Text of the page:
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  • Published On Oct 21, 2011
  • Ovie, Caps fall short of expectations

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    With expectations for the Caps high as usual, all eyes are on Alex Ovechkin. (Warren Wimmer/Icon SMI)

    By Stu Hackel

    The NHL preseason ended Sunday for teams in North America (the four clubs opening in Europe — Kings, Ducks, Rangers and Sabres — each have a game left to play over there) and things will get going for real on Thursday. The Blackhawks-Capitals tilt on Sunday, a 4-1 Caps victory that was closer than the score indicated, gave us a chance to see two clubs who some believe could meet in the Stanley Cup Final, and it wasn’t bad entertainment for a preseason game at all.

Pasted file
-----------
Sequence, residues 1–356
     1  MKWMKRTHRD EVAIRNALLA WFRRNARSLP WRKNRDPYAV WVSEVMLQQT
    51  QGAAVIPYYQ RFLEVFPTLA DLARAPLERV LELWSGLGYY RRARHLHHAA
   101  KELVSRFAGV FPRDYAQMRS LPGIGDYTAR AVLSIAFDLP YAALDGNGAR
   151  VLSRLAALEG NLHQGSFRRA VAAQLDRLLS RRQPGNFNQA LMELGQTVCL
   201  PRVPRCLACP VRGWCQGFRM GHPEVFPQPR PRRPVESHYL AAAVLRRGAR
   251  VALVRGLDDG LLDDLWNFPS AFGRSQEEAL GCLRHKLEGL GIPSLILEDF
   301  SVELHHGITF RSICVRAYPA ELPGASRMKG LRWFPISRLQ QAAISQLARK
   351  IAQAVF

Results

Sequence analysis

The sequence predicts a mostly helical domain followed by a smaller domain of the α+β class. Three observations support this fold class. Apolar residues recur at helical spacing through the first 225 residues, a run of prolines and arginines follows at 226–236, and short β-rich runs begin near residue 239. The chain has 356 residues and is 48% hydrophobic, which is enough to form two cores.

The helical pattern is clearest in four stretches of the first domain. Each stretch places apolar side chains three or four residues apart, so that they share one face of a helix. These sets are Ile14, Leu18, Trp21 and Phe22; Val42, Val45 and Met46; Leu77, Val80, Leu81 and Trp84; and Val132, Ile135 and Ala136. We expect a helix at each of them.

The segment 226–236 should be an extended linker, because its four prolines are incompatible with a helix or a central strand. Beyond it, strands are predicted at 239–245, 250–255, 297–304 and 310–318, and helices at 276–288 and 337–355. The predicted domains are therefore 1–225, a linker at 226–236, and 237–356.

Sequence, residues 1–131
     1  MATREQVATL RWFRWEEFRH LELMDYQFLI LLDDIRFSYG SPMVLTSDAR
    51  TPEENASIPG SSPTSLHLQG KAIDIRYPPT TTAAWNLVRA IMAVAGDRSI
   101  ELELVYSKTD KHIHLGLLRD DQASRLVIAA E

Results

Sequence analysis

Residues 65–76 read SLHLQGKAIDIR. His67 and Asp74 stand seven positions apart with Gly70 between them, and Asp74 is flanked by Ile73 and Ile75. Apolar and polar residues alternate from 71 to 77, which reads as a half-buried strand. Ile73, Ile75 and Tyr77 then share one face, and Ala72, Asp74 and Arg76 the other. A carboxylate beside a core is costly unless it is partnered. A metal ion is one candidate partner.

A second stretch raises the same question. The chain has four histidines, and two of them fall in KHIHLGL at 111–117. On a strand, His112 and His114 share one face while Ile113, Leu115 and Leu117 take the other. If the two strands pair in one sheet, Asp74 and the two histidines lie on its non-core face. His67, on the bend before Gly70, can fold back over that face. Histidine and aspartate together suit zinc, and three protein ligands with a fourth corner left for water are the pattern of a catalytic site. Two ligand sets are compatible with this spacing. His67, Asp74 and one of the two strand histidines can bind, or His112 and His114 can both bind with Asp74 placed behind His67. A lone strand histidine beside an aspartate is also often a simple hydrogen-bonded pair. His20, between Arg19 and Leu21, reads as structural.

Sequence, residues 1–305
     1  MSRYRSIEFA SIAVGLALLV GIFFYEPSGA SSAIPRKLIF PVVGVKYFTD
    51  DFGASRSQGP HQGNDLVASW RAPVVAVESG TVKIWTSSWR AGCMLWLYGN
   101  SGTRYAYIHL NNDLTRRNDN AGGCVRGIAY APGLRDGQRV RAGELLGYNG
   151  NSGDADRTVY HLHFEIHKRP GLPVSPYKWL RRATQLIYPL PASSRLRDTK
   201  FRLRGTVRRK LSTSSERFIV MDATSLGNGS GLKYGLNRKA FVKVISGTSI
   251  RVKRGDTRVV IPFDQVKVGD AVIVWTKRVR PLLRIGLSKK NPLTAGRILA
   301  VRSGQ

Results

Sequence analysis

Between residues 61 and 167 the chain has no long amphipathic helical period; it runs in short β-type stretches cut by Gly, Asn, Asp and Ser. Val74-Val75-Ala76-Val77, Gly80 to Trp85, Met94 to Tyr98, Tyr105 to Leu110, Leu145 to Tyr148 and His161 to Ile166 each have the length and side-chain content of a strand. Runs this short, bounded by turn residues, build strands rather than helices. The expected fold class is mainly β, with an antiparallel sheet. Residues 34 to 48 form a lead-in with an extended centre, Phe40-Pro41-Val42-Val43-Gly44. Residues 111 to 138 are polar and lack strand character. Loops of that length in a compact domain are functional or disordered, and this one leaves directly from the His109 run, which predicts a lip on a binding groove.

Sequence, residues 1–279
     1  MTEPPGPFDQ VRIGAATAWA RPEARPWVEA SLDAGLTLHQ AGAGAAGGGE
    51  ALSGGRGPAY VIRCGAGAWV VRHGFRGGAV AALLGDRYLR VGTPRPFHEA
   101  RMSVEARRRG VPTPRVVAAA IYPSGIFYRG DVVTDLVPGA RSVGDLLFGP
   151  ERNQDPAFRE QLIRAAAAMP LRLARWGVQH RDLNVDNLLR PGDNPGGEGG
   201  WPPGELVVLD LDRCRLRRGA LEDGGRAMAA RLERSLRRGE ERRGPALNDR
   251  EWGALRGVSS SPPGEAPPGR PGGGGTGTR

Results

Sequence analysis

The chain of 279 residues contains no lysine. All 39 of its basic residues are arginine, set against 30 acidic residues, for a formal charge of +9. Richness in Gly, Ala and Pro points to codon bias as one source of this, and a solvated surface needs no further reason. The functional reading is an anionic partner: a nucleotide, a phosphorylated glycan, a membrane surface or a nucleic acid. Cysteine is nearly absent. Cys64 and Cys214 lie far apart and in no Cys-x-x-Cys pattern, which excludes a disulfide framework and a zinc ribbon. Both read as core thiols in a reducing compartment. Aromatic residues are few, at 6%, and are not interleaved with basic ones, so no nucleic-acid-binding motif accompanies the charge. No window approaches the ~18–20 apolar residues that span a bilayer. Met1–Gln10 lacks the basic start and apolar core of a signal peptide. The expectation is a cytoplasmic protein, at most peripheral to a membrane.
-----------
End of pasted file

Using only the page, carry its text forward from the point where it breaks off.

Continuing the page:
But Caps coach Bruce Boudreau wasn’t happy with the way his team played or the results of their warm-up games, in which Washington went 3-3-1. “We didn’t play like Stanley Cup champions all preseason,” he said (video) — a rather strange statement about a team that has won only two playoff series during his four-year tenure — and he called the Caps’ performance on Sunday “sloppy.”

    With that, Boudreau seems to have abandoned his jolly round fellow persona of seasons’ past. “If there is one thing we have come to know about Bruce Boudreau, it’s that he doesn’t sugar-coat anything,” wrote Chuck Gormley on CSNWashington.com, who just moved south to DC after a number of years covering the Flyers. He’ll get to watch Boudreau more closely during a season in which the coach’s job could be jeopardized if the expectations of fans and those above him aren’t met.
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  • Published On Oct 03, 2011